The joy of getting things done: Jon Speelman's Agony Column #15

by ChessBase
8/17/2016 – "Better a bad plan than no plan at all" is a well-known strategic advice that one should perhaps not take too seriously. Nevertheless, it is true that indecisiveness and agony often go together while energetic play puts the opponent under pressure and provokes mistakes. And having the choice to carry out a bad plan is definitely better than having to play bad moves because you are in "zugzwang". Jon Speelman shows why.

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Agony Column #15

This week's games are by Shaun Graham Bowcaster who is in his thirties. A financial analyst with several degrees and a MENSA member, he was the 2009 Oklahoma State Chess Champion, though his rating has both waned and waxed since then. He's been married for sixteen years and has a daughter Glory who also plays chess.

Shaun contacted me very early on in this column's short life before the format has been fully determined and sent me a number of his games. Several have interesting moments and I'm dipping in and out.

We start with a fairly agonising loss to grandmaster Pavel Blatny, who confused him by playing the Hippopotamus but with White.

Shaun thought at least once about sacrificing a knight for two pawns but presumably talked himself out of it and the result was a very smooth win for the grandmaster.

[Event "G-60"] [Site "OKC"] [Date "2004.06.26"] [Round "5.1"] [White "Blatny, Pavel "] [Black "Graham, Shaun"] [Result "1-0"] [ECO "A01"] [WhiteElo "2550"] [BlackElo "1820"] [Annotator "Jonathan Speelman"] [PlyCount "55"] [EventDate "2004.06.27"] [EventType "swiss"] [EventRounds "9"] [EventCategory "1"] [SourceDate "2015.07.13"] 1. b3 e5 2. e3 Nf6 3. Bb2 Nc6 4. d3 Bc5 5. a3 Qe7 6. Nd2 a5 7. g3 d6 8. Bg2 { [#]} Ng4 {Pretty odd. I guess he was thinking about sacririficing on e3 after h3 and then changed his mind.} 9. h3 Nf6 {Very submissive} (9... Nxe3 10. fxe3 Bxe3 {was far from ridiculous and}) (9... Nh6 $5 {made sense of the previous move though it is a real virtue to be able to admit your mistake and retract a move if you decide you were mistaken.}) 10. Ne2 O-O 11. g4 Be6 12. Ng3 Qd7 $6 { This rather tees White up to attack with the knights.} (12... d5 {would have prevented Ne4 in a moment and}) (12... h6 {was conceivable but is rather weakening and would encourage White to attack later.}) 13. g5 Nd5 (13... Ne8 { would have kept the kingside defended. Houdini now suggests} 14. d4 $5 exd4 15. exd4 Nxd4 16. Nde4 {but this is quite against the ethos of the Hippo and neither I nor Luke McShane, who happens to be looking over my shoulder, would have hit on the idea in a million years or certainly not without a very considerable think.}) 14. c4 {After Black declined to sacrifice once I imagine that Blatny presumed - rightly - that he would do so again.} Nde7 ({However,} 14... Nxe3 $1 15. fxe3 Bxe3 {would have created chaos and been much better than what happened.} 16. Nde4 Kh8) 15. Nde4 Bb6 {Walking into a big punch but it's already very difficult} 16. Nh5 Kh8 $6 {[#] The white knights have connected and the position screams out for a sacrifice.} (16... Qc8 17. Nhf6+ gxf6 18. gxf6 Kh8 {is most unpleasant but at least avoids immediate loss.}) 17. Nef6 $5 {Very unpleasant to meet but} (17. Nxg7 $1 {was the way to do it when} Kxg7 18. Nf6 Qc8 19. Qh5 Bf5 20. Qh6+ Kh8 21. Nh5 $1 {simply wins}) 17... gxf6 18. Nxf6 Qc8 19. Qh5 Bf5 20. Be4 Ng8 $2 (20... Rg8 {was a reasonable defence} 21. Nxh7 Rg6 22. Nf6+ (22. Nf8+ Kg7 23. Nxg6 fxg6 {and White has regained material but at the expense of blunting the attack.}) 22... Kg7 {is a battle - Black should be able to defend but might well fail in practice} 23. Qxg6+) (20... Qe6 {was another decent defence}) 21. Nxh7 Bg6 22. Qh4 Kg7 23. Nf6 {[#] Black cannot now untangle and is losing} Rd8 (23... Bf5 24. f4 {was also disastrous for example} Rd8 25. Bxf5 Qxf5 26. e4 Qe6 27. f5 Qe7 28. Qh7+ Kf8 29. Qxg8#) 24. Bxg6 Kf8 {and the rest was mopping up} 25. Qh7 fxg6 26. Qxg8+ Ke7 27. Nd5+ Kd7 28. Qf7+ 1-0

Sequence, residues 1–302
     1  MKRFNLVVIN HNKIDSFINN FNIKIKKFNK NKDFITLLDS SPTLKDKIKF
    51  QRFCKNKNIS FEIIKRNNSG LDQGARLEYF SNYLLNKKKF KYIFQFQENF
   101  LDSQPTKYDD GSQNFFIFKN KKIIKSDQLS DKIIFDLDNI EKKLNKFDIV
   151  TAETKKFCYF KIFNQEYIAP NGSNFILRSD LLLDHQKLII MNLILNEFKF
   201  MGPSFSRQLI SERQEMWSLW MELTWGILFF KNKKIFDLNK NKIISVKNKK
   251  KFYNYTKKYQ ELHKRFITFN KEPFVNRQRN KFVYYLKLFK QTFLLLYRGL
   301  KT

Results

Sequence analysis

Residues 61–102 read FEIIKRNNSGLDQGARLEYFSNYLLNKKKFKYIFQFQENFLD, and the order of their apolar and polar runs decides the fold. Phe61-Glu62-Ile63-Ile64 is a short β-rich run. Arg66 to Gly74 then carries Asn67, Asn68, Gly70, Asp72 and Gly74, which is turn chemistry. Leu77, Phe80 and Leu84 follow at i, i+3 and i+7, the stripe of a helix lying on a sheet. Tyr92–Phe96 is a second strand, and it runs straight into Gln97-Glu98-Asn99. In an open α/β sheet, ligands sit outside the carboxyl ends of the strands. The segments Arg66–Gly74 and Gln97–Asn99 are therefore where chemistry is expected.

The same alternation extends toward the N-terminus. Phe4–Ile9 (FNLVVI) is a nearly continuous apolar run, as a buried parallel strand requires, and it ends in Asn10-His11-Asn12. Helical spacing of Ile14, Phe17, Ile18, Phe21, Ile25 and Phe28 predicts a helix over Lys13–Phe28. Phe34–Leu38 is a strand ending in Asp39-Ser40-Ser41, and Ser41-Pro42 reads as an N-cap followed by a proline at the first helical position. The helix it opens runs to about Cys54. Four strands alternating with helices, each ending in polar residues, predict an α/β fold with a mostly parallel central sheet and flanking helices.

Shaun provided some notes to the next game, indicated as "SG". The other notes are by me  and occasionally I've avoided any possible confusion by labelling them JS.